Conflict & Justice

In Israel, gun ownership is a privilege rather than a right

This story is a part of

Seeking Security

This story is a part of

Seeking Security

RTX2N05O.jpg

An Arab Israeli police recruit takes aim with her gun towards a screen displaying targets during a training exercise at the Israeli police academy center in Beit Shemesh.

Credit:

Ammar Awad/Reuters

When the topic of stronger gun control resurfaces in the US, often in the wake of a mass shooting, pro-gun activists and politicians frequently cite Israel as a counterexample.

Player utilities

Listen to the Story.

There are a lot of guns in Israel, the argument goes, but it has less gun violence — so the problem in America is not guns, but something else.

That’s not quite accurate — Israel actually has strict gun restrictions and low rates of gun ownership.

It’s true that visitors are often surprised by the number of firearms they see in public spaces, says reporter Ben Hartman. “But on the other hand, every single one of those firearms is accounted for, and there’s a reason that the person has it.”

To own a gun in Israel, an individual must be over 21, have lived in the country for more than three years, and pass background checks as well as mental, physical and shooting exams.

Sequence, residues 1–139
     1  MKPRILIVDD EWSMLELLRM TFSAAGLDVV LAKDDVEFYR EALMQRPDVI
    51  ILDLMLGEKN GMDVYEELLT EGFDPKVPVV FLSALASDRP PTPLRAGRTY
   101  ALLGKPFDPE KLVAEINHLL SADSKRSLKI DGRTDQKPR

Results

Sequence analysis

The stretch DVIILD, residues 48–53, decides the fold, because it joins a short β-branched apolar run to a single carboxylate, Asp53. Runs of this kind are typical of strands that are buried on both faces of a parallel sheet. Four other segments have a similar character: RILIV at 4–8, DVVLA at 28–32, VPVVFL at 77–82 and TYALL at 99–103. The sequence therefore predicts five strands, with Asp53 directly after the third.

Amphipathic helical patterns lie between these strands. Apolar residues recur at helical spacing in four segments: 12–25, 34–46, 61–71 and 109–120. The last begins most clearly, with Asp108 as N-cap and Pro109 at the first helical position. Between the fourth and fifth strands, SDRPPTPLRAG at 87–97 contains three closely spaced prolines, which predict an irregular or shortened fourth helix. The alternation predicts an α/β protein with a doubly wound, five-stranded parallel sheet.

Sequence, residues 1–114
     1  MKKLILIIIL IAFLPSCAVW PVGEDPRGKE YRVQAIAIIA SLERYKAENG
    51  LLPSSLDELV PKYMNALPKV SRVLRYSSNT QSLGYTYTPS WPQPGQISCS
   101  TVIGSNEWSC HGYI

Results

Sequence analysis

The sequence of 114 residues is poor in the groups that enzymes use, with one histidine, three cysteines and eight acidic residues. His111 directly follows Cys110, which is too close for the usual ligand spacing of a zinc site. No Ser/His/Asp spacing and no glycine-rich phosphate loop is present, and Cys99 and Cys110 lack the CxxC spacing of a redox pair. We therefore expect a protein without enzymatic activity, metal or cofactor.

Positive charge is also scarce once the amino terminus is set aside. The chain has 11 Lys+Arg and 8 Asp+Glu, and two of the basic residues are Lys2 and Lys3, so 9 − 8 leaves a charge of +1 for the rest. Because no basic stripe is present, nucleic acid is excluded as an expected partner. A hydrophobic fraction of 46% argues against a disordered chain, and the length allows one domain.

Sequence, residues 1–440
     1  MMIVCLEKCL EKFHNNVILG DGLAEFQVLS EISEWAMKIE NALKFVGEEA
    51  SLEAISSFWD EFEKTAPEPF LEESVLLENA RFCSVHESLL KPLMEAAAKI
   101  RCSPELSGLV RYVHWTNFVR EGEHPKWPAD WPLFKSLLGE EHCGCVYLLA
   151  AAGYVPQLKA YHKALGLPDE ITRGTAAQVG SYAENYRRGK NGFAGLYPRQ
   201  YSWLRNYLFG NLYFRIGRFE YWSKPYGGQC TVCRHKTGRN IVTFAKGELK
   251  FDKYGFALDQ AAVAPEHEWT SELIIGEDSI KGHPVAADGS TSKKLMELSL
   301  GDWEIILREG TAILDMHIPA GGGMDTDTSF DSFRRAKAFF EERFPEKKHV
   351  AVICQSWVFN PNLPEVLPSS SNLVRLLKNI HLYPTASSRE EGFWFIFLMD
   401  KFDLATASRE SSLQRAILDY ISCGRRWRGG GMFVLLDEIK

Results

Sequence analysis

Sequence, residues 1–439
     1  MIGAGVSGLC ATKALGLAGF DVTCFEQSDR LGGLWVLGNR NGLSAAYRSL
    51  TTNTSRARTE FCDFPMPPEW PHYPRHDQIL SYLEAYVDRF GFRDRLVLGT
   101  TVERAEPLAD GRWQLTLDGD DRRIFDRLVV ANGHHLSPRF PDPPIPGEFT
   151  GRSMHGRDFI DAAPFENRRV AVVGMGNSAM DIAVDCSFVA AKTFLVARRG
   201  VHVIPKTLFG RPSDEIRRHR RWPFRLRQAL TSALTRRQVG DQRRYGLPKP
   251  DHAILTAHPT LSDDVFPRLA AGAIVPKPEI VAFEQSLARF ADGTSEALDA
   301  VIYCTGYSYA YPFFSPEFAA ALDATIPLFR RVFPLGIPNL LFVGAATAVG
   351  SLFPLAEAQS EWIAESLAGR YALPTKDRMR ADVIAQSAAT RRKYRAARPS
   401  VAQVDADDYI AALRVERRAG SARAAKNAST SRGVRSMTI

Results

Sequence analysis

“Before running through all those hoops,” Hartman adds, “you have to show that you work in security or law enforcement, or that you live in what they call ‘national priority areas.'”

It’s not just gun laws that make Israel so different from the US — it’s a culture, a mindset.

Hartman was born and raised in Texas and has lived in Tel Aviv for over a decade. He says that in America, owning a gun is a right, but in Israel, it’s a privilege you have to earn.

He attributes that to the high stakes Israel faces when it comes to national security and its universal draft.

“In Israel, you don't have that same sort of gun fetish and recreational obsession with guns [that you do in the US], Hartman says. “Israelis, when they encounter firearms for the first time on a personal level, it's in the military when they're 18 years old and they're drafted. And a firearm, to them, the association is with the military, and with security, and a burden.”